09 July 2014

BOOK: Reasoning Rights

Comparative Judicial Engagement
Edited by Liora Lazarus, Christopher McCrudden and Nigel Bowles
This book is about judicial reasoning in human rights cases. The aim is to explore the question: how is it that notionally universal norms are reasoned by courts in such significantly different ways? What is the shape of this reasoning; which techniques are common across the transnational jurisprudence; and which are particular?
The book, comprising contributions by a team of world-leading human rights scholars, moves beyond simply addressing the institutional questions concerning courts and human rights, which often dominate discussions of this kind, seeking instead a deeper examination of the similarities and divergence of reasonings by different courts when addressing comparable human rights questions. These differences, while partly influenced by institutional concerns, cannot be attributed to them alone. This book explores the diverse and rich underlying spectrum of human rights reasoning, as a distinctive and particular form of legal reasoning, evident in the case studies across the selected jurisdictions.
Liora Lazarus is a Fellow in Law and Associate Professor in Law at St Anne's College, University of Oxford.
Christopher McCrudden FBA is Professor of Equality and Human Rights Law, Queen's University Belfast; William W Cook Global Professor of Law at University of Michigan Law School; and a member of Blackstone Chambers.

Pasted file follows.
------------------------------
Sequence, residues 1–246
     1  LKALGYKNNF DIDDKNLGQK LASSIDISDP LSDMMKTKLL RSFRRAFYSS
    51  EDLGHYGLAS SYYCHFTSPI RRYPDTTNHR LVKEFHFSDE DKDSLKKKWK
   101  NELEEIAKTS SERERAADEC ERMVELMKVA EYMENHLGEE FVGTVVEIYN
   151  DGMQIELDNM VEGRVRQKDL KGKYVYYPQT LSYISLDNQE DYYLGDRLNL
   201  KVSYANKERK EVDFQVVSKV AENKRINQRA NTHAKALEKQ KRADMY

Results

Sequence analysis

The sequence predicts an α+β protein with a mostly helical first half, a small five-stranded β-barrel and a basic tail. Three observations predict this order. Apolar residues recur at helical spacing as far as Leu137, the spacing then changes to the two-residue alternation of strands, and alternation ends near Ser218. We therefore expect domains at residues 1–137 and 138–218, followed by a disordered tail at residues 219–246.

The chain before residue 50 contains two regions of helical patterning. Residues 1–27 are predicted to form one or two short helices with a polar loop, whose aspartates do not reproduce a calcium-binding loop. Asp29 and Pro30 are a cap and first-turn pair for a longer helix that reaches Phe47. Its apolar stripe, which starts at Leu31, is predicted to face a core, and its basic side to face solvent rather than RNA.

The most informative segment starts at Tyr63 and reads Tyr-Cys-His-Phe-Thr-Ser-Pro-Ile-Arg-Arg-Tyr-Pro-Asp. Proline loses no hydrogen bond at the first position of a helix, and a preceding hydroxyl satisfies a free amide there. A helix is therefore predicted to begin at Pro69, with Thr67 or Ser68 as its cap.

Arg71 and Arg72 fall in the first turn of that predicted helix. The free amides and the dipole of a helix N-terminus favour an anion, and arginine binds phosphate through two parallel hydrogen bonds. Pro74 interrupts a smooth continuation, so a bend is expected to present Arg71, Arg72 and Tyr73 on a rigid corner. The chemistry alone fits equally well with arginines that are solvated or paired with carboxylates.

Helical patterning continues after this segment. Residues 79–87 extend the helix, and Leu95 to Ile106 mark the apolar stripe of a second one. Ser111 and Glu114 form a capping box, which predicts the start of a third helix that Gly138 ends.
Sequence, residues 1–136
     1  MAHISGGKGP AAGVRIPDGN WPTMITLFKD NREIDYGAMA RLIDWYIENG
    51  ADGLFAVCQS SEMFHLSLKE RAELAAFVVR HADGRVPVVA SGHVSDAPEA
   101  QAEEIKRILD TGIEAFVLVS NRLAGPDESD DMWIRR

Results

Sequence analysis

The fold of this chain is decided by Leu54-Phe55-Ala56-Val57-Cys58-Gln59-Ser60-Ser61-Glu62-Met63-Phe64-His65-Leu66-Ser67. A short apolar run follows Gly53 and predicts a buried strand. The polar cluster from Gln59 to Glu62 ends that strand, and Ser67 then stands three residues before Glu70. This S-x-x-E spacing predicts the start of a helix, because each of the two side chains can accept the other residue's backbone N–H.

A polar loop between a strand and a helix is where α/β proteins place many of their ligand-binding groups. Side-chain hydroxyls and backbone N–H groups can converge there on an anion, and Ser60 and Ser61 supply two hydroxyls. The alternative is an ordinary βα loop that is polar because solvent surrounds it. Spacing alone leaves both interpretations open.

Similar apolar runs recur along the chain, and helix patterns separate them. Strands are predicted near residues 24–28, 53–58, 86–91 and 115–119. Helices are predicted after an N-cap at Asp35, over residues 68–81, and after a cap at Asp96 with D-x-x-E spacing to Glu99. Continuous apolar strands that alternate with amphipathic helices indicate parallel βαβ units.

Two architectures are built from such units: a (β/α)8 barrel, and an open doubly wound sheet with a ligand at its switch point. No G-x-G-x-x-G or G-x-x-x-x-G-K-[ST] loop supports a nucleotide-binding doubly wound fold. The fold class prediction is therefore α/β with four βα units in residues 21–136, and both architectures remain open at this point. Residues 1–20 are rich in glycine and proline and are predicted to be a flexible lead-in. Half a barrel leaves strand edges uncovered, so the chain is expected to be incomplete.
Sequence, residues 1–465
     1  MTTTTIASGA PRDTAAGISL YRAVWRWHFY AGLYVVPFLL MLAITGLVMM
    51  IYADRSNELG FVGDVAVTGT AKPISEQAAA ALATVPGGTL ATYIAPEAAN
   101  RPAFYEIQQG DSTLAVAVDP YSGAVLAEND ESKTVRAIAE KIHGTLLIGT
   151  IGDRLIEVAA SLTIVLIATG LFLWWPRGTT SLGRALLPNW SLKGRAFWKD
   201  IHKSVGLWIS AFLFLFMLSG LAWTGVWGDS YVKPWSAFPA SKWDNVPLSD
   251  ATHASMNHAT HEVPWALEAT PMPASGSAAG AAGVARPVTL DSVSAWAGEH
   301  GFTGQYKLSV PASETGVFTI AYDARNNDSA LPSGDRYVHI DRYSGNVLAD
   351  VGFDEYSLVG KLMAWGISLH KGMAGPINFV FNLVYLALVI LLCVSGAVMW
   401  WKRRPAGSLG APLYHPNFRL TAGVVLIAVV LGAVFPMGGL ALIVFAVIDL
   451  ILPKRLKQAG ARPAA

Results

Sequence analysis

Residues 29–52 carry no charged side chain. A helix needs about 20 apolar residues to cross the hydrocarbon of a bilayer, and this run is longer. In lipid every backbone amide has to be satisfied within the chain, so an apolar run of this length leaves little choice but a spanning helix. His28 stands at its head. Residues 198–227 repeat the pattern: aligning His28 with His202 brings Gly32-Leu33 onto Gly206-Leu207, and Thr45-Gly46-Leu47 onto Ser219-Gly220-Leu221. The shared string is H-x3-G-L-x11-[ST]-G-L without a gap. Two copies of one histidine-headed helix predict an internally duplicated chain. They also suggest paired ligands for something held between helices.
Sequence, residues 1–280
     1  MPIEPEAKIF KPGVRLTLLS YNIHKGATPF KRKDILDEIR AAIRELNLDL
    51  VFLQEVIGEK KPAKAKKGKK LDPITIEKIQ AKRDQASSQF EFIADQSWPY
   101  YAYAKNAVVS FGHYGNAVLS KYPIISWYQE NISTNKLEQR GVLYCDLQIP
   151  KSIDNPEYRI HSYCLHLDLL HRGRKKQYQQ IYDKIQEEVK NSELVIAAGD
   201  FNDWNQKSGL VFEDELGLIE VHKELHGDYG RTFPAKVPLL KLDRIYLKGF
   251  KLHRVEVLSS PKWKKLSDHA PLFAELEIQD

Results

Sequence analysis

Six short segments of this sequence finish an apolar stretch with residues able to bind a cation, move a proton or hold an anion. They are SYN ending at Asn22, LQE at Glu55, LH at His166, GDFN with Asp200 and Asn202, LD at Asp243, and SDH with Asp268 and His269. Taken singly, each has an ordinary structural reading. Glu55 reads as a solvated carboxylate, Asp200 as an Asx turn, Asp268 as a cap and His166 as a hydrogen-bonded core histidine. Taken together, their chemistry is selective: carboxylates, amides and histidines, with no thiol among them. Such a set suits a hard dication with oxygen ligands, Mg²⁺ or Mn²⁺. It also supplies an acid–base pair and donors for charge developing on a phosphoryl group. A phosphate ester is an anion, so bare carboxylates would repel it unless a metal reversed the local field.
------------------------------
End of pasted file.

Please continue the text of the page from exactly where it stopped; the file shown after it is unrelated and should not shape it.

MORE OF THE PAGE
Nigel Bowles is Director of the Rothermere American Institute at the University of Oxford.

CALL FOR PAPER: De-juridification: Appearance and disappearance of law at a time of crisis

UK IVR Annual Conference
25-26 October 2014 

De-juridification: Appearance and disappearance of law at a time of crisis
London School of Economics and Political Science
New deadline: 1 August 2014

It was not too long ago that many legal philosophers and sociologists were expressing deep concerns about juridification, i.e. law’s expansion as a mode of governance and its distorting effects on social relations. 
Now, however, under conditions of globalisation and in the midst of a global crisis, there are several indications that the trend of juridification is being reversed, that law is subsiding and giving way to other modes of governance. With governments offloading many of their central tasks to civil society, with international economic agencies exercising normative authority, with people seemingly recognising each other more as economic actors than as legal subjects, and with the interpretation of indeterminate laws being carried out not by courts but by actual power-holders, to mention only very few examples, it seems appropriate to ask questions regarding a process of de-juridification which seems to be afoot. 
The main aim of the conference is to explore various aspects of de-juridification. Contributions are invited from legal philosophy, socio-legal theory, legal anthropology, and other law-related disciplines to tackle questions such as the following: Is a process of de-juridification underway? In which contexts does law recede? What replaces it and how? Does less law mean more or less politics? Does it entail a shift in the meaning of legitimacy?

Keynote Speakers:
Professor Peer Zumbansen, Osgoode Hall School of Law
Professor Antje Wiener, University of Hamburg

Roundtable discussants
Professor Emilios Christodoulidis, University of Glasgow
Professor Dora Kostakopoulou, Warwick University
Dr Fernanda Pirie, Oxford University, Director of the Oxford Centre for Socio-Legal Studies

Abstracts of up to 200 words should be sent to the treasurer of the UK IVR executive, Dr Emmanuel Melissaris (e.melissaris@lse.ac.uk), by 1 August 2014.

The conference is supported by the Law DepartmentLondon School of Economics.